She say, Celie, tell the truth, have you ever found God in church? I never did. I just found a bunch of folks hoping for him to show. Any God I ever felt in church I brought in with me. And I think all the other folks did too. They come to church to share God, not find God.
The root of almost every schism and heresy from which the Christian Church has suffered, has been because of the effort of men to earn, rather than receive their salvation; and the reason preaching is so commonly ineffective is, that it often calls on people to work for God rather than letting God work through them.
Here, the churches seemed to shrink away into eroding corners. They seem to have ceased to be essential parts of American life. They no longer give life. It is the huge buildings of commerce and trade which now align the people to attention. These in their massive manner of steel and stone say, Come unto me all ye who labor, and we will give you work.
The priesthood is a marriage. People often start by falling in love, and they go on for years without realizing that love must change into some other love which is so unlike it that it can hardly be recognized as love at all.
It is one of the ironies of the ministry that the very man who works in God's name is often hardest put to find time for God. The parents of Jesus lost Him at church, and they were not the last ones to lose Him there.
A group touring Westminster Abbey in London heard the guide list the famous people buried within its walls. During a momentary silence a little old lady's voice blurted out loud and clear, Anybody been saved here lately?
What is wrong with priests and popes is that instead of being apostles and saints, they are nothing but empirics who say I know instead of I am learning, and pray for credulity and inertia as wise men pray for skepticism and activity.
A glorious Church is like a magnificent feast; there is all the variety that may be, but every one chooses out a dish or two that he likes, and lets the rest alone: how glorious soever the Church is, every one chooses out of it his own religion, by which he governs himself, and lets the rest alone.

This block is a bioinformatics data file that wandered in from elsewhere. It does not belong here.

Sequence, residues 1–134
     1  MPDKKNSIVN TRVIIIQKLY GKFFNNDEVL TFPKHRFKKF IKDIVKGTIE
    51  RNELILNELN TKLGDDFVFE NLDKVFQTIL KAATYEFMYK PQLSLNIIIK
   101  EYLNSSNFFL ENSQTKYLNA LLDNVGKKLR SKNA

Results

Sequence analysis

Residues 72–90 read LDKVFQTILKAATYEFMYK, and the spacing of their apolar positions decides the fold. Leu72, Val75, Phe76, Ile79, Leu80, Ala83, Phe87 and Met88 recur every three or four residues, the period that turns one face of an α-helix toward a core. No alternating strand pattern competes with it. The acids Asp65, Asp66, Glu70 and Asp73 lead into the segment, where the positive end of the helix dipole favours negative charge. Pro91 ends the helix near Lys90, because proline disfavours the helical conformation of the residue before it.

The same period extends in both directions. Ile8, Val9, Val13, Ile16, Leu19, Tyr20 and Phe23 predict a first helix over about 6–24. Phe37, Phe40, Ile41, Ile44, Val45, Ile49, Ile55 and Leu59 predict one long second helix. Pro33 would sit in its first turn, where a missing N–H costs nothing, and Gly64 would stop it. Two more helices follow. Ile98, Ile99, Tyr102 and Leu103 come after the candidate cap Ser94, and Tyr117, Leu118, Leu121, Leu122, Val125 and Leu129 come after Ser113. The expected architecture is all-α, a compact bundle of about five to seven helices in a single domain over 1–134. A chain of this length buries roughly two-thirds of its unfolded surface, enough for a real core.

I do not believe in the creed professed by the Jewish Church, by the Roman Church, by the Greek Church, by the Turkish Church, by the Protestant Church, nor by any church that I know of. My own mind is my own church.
If church prelates, past or present, had even an inkling of physiology they'd realize that what they term this inner ugliness creates and nourishes the hearing ear, the seeing eye, the active mind, and energetic body of man and woman, in the same way that dirt and dung at the roots give the plant its delicate leaves and the full-blown rose.
The question confronting the Church today is not any longer whether the man in the street can grasp a religious message, but how to employ the communications media so as to let him have the full impact of the Gospel message.
I'm a priest, not a priestess. Priestess implies mumbo jumbo and all sorts of pagan goings-on. Those who oppose us would love to call us priestesses. They can call us all the names in the world -- it's better than being invisible.
A full-dressed ecclesiastic is a sort of go-cart of divinity; an ethical automaton. A clerical prig is, in general, a very dangerous as well as contemptible character. The utmost that those who thus habitually confound their opinions and sentiments with the outside coverings of their bodies can aspire to, is a negative and neutral character, like wax-work figures, where the dress is done as much to the life as the man, and where both are respectable pieces of pasteboard, or harmless compositions of fleecy hosiery.
Those who marry God can become domesticated too -- it's just as hum-drum a marriage as all the others. The word Love means a formal touch of the lips as in the ceremony of the Mass, and Ave Maria like dearest is a phrase to open a letter. This marriage like the world's marriages was held together by habits and tastes shared in common between God and themselves -- it was God's taste to be worshipped and their taste to worship, but only at stated hours like a suburban embrace on a Saturday night.
We praise Him, we bless Him, we adore Him, we glorify Him, and we wonder who is that baritone across the aisle and that pretty woman on our right who smells of apple blossoms. Our bowels stir and our cod itches and we amend our prayers for the spiritual life with the hope that it will not be too spiritual.
It is indolence... Indolence and love of ease; a want of all laudable ambition, of taste for good company, or of inclination to take the trouble of being agreeable, which make men clergymen. A clergyman has nothing to do but be slovenly and selfish; read the newspaper, watch the weather, and quarrel with his wife. His curate does all the work and the business of his own life is to dine.